Thursday morning, mom called and asked if Yvonne could join us. I told her that we were going to the Powerhouse Mall and she said “I want in on that.” I am certain that most everyone at the St. Johnsbury House wanted in, but Yvonne is the anointed one.  I said Of course. And then thought to myself that this would not be a normal doctor’s appointment. Who am I kidding. None of these appointments are normal.

When I picked them up at the St. Johnsbury House, they could hardly contain their excitement. I asked mom if she had warned Yvonne about Dr. Walsh. She said No, I want her to be surprised. Yvonne said Oh yes, I know that he runs late because he spends a lot of time with each patient. Mom said Well, today he is going to rush so that we can go to lunch on time. I said I don’t see how that is possible. Mom replied He will fit me in between patients. You’ll see. What was she talking about you ask? It’s a question I ask myself with every mom encounter.

We arrived at Dr. Walsh’s office and mom went into the technician’s office. She emerged 5 minutes later and informed Yvonne, myself and the rest of the patients that Steve told her Dr. Walsh was rushing through his appointments so we could go to lunch on time. I said Steve was kidding you. She gave me a withering look and said No he was not.

Next mom went into Dr. Walsh’s office for the two day check to monitor the eye for infection. At some point, Dr. Walsh came out of the office and said I thought you were going to lunch on Tuesday, but it’s today. I smiled and said Got the map. There was no rushing. Yvonne seems to ignore the meta-story that weaves in and out.  It’s like  she and mom came from the same womb.

 

Chess Moves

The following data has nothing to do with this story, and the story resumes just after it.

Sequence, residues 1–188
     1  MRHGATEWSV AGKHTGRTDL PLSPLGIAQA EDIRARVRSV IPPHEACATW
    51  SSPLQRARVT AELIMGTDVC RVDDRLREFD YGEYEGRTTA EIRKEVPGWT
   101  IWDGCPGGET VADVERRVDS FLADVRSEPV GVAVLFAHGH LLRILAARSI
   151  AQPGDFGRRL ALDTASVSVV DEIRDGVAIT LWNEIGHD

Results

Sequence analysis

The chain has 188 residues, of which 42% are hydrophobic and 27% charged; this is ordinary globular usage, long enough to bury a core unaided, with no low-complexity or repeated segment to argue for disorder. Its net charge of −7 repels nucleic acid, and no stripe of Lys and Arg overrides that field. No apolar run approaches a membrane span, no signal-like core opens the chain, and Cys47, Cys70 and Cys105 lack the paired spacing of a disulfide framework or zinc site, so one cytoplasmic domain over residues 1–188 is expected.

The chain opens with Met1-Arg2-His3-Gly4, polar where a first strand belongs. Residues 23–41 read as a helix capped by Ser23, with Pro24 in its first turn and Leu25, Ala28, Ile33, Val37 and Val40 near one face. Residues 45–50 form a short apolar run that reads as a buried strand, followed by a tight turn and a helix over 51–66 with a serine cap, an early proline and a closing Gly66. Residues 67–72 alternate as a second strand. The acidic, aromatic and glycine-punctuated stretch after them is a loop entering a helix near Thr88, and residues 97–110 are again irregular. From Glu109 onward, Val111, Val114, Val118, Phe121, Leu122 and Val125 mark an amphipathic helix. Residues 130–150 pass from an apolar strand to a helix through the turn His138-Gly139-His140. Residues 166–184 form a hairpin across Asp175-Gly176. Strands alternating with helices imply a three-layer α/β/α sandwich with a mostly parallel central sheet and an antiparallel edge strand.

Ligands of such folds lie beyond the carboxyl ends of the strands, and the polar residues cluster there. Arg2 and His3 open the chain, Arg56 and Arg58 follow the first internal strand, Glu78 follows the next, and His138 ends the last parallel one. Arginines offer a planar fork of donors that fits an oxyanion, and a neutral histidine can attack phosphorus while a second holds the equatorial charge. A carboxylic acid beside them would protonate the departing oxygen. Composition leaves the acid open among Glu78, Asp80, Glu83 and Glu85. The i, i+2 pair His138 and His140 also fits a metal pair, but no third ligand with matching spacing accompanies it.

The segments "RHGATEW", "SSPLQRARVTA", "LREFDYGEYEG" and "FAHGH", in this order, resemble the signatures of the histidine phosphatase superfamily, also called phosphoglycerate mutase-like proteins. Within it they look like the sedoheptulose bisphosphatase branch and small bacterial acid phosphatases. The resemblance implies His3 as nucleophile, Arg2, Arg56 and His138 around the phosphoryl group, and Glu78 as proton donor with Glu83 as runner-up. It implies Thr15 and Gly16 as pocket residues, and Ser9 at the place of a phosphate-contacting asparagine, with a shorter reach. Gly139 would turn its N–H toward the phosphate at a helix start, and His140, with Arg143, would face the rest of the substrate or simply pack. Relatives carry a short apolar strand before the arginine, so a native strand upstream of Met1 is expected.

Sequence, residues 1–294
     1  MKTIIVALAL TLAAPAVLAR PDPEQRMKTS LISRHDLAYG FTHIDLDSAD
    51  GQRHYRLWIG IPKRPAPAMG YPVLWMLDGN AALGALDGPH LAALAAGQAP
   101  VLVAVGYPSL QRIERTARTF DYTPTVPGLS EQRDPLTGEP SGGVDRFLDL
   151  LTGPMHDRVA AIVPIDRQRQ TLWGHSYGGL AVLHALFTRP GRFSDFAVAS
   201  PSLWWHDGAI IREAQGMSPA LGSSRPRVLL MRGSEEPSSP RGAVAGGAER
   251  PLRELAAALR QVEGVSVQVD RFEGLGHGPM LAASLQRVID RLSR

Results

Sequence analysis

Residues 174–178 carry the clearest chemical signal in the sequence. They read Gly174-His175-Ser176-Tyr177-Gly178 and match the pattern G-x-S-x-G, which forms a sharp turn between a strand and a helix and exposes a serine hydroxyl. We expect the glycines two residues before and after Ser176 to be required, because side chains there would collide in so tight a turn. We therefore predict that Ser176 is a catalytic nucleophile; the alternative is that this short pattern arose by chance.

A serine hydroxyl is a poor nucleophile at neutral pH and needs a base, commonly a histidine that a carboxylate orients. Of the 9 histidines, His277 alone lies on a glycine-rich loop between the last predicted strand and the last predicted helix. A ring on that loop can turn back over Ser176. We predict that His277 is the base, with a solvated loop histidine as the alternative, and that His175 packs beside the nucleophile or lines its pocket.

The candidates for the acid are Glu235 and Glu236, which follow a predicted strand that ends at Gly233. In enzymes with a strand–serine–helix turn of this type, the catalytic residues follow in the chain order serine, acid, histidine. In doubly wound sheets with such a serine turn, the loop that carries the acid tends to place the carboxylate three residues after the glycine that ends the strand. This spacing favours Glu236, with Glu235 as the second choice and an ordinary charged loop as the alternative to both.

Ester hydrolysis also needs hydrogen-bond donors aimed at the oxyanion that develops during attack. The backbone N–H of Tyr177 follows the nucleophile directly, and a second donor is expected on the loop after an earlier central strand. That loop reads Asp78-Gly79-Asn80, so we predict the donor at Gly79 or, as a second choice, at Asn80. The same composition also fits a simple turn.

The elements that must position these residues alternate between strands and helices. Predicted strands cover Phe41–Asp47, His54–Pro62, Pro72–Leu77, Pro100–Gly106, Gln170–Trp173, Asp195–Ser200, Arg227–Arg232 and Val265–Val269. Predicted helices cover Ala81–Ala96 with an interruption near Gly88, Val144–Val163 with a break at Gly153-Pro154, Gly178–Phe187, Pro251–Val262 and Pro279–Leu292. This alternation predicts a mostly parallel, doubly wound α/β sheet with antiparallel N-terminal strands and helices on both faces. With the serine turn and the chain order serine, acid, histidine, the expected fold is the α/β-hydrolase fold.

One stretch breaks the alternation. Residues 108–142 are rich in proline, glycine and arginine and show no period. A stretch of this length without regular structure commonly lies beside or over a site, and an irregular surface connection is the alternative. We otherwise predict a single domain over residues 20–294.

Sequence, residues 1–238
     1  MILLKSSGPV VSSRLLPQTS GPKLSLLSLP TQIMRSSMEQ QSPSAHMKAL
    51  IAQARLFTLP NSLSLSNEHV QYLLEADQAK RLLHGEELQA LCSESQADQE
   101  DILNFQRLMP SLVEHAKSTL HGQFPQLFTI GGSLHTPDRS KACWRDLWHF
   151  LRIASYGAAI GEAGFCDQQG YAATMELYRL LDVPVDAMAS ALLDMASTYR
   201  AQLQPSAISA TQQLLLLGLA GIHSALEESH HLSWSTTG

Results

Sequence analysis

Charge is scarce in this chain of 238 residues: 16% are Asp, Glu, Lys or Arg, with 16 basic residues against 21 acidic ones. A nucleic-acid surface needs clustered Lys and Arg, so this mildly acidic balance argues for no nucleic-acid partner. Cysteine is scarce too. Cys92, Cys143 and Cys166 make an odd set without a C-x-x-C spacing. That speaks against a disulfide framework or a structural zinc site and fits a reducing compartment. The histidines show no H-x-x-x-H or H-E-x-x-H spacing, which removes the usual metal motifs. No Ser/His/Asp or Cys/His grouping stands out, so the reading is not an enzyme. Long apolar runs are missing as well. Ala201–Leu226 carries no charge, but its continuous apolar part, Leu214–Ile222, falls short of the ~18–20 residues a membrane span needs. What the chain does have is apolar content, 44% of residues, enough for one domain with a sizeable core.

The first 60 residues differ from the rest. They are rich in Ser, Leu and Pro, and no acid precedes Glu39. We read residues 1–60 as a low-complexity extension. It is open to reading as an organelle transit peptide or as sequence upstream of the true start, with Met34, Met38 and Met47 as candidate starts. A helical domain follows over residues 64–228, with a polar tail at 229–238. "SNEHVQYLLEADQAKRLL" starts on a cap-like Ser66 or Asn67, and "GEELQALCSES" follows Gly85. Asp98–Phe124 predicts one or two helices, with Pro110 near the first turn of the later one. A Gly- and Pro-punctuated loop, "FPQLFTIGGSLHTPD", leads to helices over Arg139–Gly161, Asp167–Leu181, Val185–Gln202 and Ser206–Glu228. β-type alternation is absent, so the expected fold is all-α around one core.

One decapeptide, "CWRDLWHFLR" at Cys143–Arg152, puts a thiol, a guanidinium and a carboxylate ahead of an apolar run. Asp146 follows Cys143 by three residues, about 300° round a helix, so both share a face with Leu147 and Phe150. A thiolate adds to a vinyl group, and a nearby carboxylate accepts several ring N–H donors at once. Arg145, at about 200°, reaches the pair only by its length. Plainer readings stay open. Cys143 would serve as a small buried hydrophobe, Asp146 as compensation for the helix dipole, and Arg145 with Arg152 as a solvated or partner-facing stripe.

Mom has moved in and out of St. Johnsbury many times during the past 20 years. The first time happened to coincide with the parents’ separation. It all began with the parents  visiting my youngest sister in California to help her out following the birth of her “Irish twin” Jenna. Irish twins are born exactly one year apart or less than a year apart. In this case, it was 11 months. The parents were providing much needed diaper, feeding and rocking duty. Not to mention the supervision of a rambunctious 11 month old boy. Dad got ansy or irritable if I am to be honest and insisted on leaving California and returning to their home in St. Augustine Florida. Mom was horrified as she tells it and insisted back that they had to stay and help my overwhelmed and exhausted sister. Dad threw down a threat. Leave or I will divorce you. Mom said in return I am not leaving. I believe this discussion went back and forth a few times until dad got into the car and drove hell-bent all the way back to Florida. When he arrived in Florida he called and said If you don’t come back, I will divorce you. Mom responded Do what you want, I am staying here. And that is how they came to be divorced. Not because mom wanted a divorce. Rather because dad followed through on his threat and mom was committed to helping my sister and the children. I describe the divorce because it helps set the stage for mom’s passive role in her own life. When it came to all of the major events in her life, she was a bystander pulled along by the force of another person’s will. That includes engagement, wedding, childbirth, child-raising, marital separation and divorce, and the many moves following the divorce leading up to the current residence at St. Johnsbury House. Mark me, as Bonnie Prince Charles likes to say in Outlander, mom is the Puppet Master who is a brilliant and formidable life strategist.